Blue Cross Blue Shield also pays on a per-member/per-quarter basis to physicians and clinics that are either NCQA-certified as a PCMH or those that take part in Blue Cross version of a PCMH, the MedicQHome program. According to Wendy Curran, the vice president of care delivery and communication, MedicQHome offers physicians the use of its MDInsight computer software, which reports patient data to both Blue Cross (for Blue Cross clients) and the clinic enrolled in the MedicQHome (for all patients). Curran says MDInsight helps physicians understand which of their patients would benefit from things like screenings and other preventative measures. Curran said the MDInsight tool also acts as a population management tool for NCQA certification and earns providers points toward that end. Curran also said many of their larger groups and self-employed clients are looking for ways to keep their employees healthier and have gravitated to the data the MedicQHome program provides.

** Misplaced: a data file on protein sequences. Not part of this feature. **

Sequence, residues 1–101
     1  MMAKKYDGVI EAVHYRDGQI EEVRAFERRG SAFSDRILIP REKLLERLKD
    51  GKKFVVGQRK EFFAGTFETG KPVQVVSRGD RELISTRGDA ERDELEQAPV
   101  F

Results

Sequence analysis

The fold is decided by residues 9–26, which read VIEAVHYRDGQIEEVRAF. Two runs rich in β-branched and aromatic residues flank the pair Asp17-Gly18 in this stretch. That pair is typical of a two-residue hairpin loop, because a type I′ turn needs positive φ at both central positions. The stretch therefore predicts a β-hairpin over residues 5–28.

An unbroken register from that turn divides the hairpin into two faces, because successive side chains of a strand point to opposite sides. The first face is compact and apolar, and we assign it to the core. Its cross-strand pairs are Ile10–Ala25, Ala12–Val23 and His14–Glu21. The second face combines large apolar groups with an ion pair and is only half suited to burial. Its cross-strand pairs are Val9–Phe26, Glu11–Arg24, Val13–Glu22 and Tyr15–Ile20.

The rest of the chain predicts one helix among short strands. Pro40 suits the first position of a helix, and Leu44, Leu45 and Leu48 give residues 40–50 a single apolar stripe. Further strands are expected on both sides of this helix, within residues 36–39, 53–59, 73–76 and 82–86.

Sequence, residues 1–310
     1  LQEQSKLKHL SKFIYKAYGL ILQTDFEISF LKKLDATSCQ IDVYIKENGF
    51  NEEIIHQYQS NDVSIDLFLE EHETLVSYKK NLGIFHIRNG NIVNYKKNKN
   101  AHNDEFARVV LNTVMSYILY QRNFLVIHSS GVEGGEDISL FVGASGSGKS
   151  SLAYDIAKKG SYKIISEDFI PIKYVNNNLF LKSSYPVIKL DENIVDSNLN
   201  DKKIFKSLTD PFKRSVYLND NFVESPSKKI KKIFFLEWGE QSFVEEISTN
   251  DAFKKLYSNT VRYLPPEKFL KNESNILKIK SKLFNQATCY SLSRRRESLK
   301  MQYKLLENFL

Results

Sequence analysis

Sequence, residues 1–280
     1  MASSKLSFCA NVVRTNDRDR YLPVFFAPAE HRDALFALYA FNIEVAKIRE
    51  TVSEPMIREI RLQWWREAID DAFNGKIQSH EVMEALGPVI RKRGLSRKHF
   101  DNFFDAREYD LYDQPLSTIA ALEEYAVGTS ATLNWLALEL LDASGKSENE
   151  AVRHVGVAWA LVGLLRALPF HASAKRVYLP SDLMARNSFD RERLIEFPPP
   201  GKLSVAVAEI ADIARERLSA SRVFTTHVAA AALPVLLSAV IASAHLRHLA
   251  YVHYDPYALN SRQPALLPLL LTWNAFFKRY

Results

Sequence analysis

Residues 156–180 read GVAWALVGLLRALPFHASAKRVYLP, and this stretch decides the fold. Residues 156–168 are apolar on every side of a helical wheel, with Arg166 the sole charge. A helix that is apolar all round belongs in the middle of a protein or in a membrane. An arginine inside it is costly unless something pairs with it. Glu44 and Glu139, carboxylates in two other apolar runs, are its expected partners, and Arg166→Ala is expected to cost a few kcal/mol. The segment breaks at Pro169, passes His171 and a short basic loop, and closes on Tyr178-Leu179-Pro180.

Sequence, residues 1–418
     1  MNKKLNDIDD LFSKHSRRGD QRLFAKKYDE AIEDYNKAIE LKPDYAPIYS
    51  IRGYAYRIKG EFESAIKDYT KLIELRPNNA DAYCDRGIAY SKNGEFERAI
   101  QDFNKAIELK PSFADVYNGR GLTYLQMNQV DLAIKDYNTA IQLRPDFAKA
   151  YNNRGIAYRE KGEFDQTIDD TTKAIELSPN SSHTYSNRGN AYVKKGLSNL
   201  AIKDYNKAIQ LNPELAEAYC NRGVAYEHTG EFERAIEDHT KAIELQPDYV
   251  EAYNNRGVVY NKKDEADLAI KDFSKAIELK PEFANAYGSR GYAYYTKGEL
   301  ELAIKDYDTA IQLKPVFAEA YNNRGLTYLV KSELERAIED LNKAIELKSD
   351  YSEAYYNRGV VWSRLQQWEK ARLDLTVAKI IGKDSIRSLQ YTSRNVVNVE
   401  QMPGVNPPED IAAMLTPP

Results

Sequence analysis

“We think it is a good thing,” Curran says of PCMHs. “It incentivizes providers, and helps to coordinate care. It starts to move us away from fee-for-service payment system and towards something that rewards the providers who reward outcomes and quality measures. We believe the end result is potentially cost savings for us and our members.”

While Blue Cross Blue Shield pays PCMHs whether they are part of the MedicQHome or an accredited PCMH, she said her organization s clinical advisory group has discussed an interest in incentivizing further the clinics which have become accredited through NCQA and that is something that may happen in the near future.

Kris Urbanek of Blue Cross Blue Shield’s Provider Services said once they receive enough statistics, his firm might use the data to increase patient education in a specific medical issue, or offer additional resources to tackle the issue past care management. He said the hope for Blue Cross is to set the bar for compensation of clinics high enough to offer an incentive to participate and yet not too low that it won t modify behavior within the clinics.